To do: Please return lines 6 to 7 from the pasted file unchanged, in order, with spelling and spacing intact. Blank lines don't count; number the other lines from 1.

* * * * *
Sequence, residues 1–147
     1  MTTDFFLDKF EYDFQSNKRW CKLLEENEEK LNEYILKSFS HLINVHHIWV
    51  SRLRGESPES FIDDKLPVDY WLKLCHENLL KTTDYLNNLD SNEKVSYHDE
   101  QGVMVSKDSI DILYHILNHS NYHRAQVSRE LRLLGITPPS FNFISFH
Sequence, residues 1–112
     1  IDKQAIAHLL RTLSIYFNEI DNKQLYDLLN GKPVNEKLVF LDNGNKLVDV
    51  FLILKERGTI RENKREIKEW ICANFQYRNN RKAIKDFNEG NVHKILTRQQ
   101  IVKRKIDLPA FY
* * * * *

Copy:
     1  IDKQAIAHLL RTLSIYFNEI DNKQLYDLLN GKPVNEKLVF LDNGNKLVDV
    51  FLILKERGTI RENKREIKEW ICANFQYRNN RKAIKDFNEG NVHKILTRQQ